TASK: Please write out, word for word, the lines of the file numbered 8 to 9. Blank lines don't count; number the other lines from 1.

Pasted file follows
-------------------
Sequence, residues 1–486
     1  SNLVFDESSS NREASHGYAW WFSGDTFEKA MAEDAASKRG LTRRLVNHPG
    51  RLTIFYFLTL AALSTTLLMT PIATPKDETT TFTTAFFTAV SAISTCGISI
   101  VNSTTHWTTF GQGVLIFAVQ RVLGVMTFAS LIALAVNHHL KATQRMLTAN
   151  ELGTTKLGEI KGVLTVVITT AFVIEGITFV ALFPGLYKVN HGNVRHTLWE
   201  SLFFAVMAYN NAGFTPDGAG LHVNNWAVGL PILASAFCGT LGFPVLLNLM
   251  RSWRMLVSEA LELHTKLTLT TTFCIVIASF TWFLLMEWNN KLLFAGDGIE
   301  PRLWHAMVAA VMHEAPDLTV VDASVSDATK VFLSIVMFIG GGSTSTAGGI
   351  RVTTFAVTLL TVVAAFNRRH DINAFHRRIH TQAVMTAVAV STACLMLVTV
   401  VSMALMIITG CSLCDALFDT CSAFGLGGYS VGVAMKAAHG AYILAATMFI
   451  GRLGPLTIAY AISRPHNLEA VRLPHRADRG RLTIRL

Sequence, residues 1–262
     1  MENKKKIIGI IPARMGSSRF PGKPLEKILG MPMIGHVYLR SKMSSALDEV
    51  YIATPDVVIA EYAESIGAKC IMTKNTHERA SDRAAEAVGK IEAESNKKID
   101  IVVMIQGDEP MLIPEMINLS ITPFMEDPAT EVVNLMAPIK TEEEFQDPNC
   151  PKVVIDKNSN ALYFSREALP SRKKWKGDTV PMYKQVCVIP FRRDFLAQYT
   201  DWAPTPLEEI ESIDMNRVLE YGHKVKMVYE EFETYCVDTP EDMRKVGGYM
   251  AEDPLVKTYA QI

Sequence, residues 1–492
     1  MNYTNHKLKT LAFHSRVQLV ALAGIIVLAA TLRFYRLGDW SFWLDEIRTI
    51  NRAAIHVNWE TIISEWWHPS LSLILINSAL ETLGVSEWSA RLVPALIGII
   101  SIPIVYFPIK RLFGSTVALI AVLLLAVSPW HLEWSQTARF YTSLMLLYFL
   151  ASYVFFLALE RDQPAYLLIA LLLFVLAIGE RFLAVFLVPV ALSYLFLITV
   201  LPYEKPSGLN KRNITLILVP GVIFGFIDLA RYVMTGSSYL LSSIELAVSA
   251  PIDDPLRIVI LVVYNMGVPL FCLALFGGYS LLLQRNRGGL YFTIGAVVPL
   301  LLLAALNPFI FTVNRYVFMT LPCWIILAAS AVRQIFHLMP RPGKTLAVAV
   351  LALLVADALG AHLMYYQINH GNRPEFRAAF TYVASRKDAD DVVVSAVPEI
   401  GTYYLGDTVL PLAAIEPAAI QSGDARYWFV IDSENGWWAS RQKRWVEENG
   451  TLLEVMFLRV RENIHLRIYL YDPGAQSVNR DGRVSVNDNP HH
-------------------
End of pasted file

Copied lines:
   301  PRLWHAMVAA VMHEAPDLTV VDASVSDATK VFLSIVMFIG GGSTSTAGGI
   351  RVTTFAVTLL TVVAAFNRRH DINAFHRRIH TQAVMTAVAV STACLMLVTV